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22nd Mar 2015

Mourinho blames: Pretty much everyone, really

"I'm not playing anymore"...

Matt Stanger

He may have claimed that he’s now the ‘Happy One’ in his first press conference upon returning to Chelsea in 2013, but Jose Mourinho has unashamedly moaned his way through the past 20 months, blaming all and sundry for his team’s problems.

Here we take a look at ten subjects of Mourinho’s ire…

The ‘Campaign’
There’s a fine line between creating a siege mentality and beginning to sound like a broken record, and Mourinho may have crossed the divide with his comments about a concerted ‘campaign’ against Chelsea following a 1-1 draw at Southampton in December.

“That’s a campaign, that’s a clear campaign. People, pundits, commentators, coaches from other teams – they react with Chelsea in a way they don’t react to other teams,” said Mourinho after Cesc Fabregas was booked for simulation at St Mary’s. “They put lots of pressure on the referee and the referee makes a mistake like this. We lose two points, Fabregas earns a yellow card.”

Southampton v Chelsea - Premier League

Chelsea’s Strikers
Amid Chelsea’s collapse in last season’s run-in, Mourinho pointed a sly finger at the quality of his strikers in a bid to deflect blame for the Blues blowing their Premier League and Champions League challenges.

“Our strikers are good strikers, no doubts about that,” he told reporters. “But they are not the kind of players in five square metres, with three or four players around, they can get ball, they can dribble on, they can see the space, they can make the shot. So when the team is in a difficult situation they are not able normally to resolve the situation for us.”


Chelsea’s Defenders
They might have been let off a little easier than the club’s misfiring strikers, but Chelsea’s defence felt Mourinho’s wrath following the 3-1 first-leg defeat to Paris Saint-Germain in last season’s Champions League.

“We scored in our own goal, and the third goal…it’s a joke,” he said. “Not a goal, a joke. Gary Cahill said it was sloppy but I say it was ridiculous.”

Jamie Redknapp
Sky Sports’ unbearably tight-trousered pundit got it in the neck from Mourinho back in January after having the temerity to opine that Diego Costa should have been sent off for at least one of his alleged stamps on Liverpool duo Emre Can and Martin Skrtel.

“Sky calls it a crime, I have to say that it was absolutely accidental. He goes to the ball, he chases it, the opponent goes to the floor and he puts his foot there when he is looking at the ball,” said an incensed Mourinho. “It is a great campaign, we know how much that pundit loves Chelsea and particularly loves me.”


Graeme Souness
Were Redknapp feeling somewhat aggrieved by Mourinho’s remarks, it wasn’t long before he had some company on the Chelsea manager’s naughty step. Namely his Sky colleague Graeme Souness, who angered Mourinho by questioning his tactics in Chelsea’s recent Champions League exit to PSG.

“The difference between me and Souness is this,” said Mourinho, pointing upwards. “Souness as a player, up there. Jose as a player, down here…Jose as a manager, up here. Souness as a manager, down there. With another difference. I was not a frustrated man because I was not a top player.”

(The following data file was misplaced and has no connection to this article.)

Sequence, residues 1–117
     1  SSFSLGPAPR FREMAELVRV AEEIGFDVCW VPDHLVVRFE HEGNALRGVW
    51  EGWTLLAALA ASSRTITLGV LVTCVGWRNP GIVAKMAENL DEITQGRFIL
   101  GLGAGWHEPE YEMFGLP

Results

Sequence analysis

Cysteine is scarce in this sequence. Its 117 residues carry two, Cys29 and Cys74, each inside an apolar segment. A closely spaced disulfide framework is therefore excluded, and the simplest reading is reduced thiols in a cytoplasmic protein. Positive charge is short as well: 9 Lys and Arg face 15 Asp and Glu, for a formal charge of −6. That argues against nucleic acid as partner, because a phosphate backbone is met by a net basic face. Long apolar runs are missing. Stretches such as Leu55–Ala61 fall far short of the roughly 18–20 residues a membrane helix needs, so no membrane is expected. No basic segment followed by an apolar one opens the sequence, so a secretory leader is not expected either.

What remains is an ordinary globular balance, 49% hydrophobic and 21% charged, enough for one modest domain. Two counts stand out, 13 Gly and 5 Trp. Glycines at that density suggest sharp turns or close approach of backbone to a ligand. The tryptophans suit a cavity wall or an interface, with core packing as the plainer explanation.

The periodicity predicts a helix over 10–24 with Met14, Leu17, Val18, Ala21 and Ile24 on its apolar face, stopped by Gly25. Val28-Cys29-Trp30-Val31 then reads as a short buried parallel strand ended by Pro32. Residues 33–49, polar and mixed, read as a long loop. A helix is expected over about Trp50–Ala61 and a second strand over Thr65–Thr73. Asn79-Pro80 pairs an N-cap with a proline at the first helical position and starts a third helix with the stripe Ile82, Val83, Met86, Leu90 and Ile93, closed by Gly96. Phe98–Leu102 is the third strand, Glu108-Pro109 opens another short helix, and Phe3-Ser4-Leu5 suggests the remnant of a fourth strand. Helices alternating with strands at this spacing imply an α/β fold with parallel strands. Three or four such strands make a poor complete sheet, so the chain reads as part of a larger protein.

Chelsea v Hull City - Premier League

Ball Boys
After Newcastle ended Chelsea’s 21-game unbeaten run in all competitions with a 2-1 win at St James’ Park in December, Mourinho raged at the young children responsible for returning the ball.

“The ball disappeared every time. We want to play but there is no ball. Then when the ball comes back there is another ball. Even during extra time they keep doing the same thing,” he moaned. “Unfortunately, time-wasting is still part of the game.”

Yes it is, Jose…

Liverpool v Chelsea - Premier League

Vicente Del Bosque
We’re not sure why anyone would want to have a pop at Spain’s mild-mannered, moustachioed manager, but Mourinho gave Del Bosque both barrels after Diego Costa picked up a hamstring injury on international duty in October.

“There are no rules, no laws to protect us, just the mentality of the national coaches and teams,” blasted Mourinho.

“It’s up to them to take good care of the players or to think in a selfish way. It’s up to them, not to us.”

Spain Training & Press Conference - 2014 FIFA World Cup Brazil

There are plenty of examples of this particular frustration for the Chelsea boss, but perhaps none more appropriate than his rant at Chris Foy after the ref sent off Mourinho and two of his players in a 1-0 defeat at Aston Villa in March 2014.

“We must be very, very unlucky to have another refereeing performance like this one,” said a perplexed Mourinho.

“This is not about one mistake from a referee. This is about a performance from minute one to minute 94.”

Ball Boys #2
“I told him (the ball boy – a small child remember) not to do that because he runs the risk of one of my players to punch him or to lose his temper, so don’t do that because you are risking it,” said Mourinho after Chelsea crashed to a 1-0 defeat at Crystal Palace in March 2014.

We enjoyed the way our Nooruddean Choudry dealt with this one…

Chelsea Fans
It’s rare that a manager is ballsy enough to blame his own supporters for his team struggling to find form, but that’s exactly what Mourinho did following a laboured 2-1 win over QPR earlier in the season.

“At this moment it’s difficult for us to play at home, because playing here is like playing in an empty stadium,” he complained. “I was today looking around and it was empty, but not in terms of people because it was obviously full. That’s what’s frustrating.”

And before the Capital One Cup semi-final second leg against Liverpool, he continued: “If Stamford Bridge can give us 25% of the emotion Anfield gives Liverpool, I think we can do it.”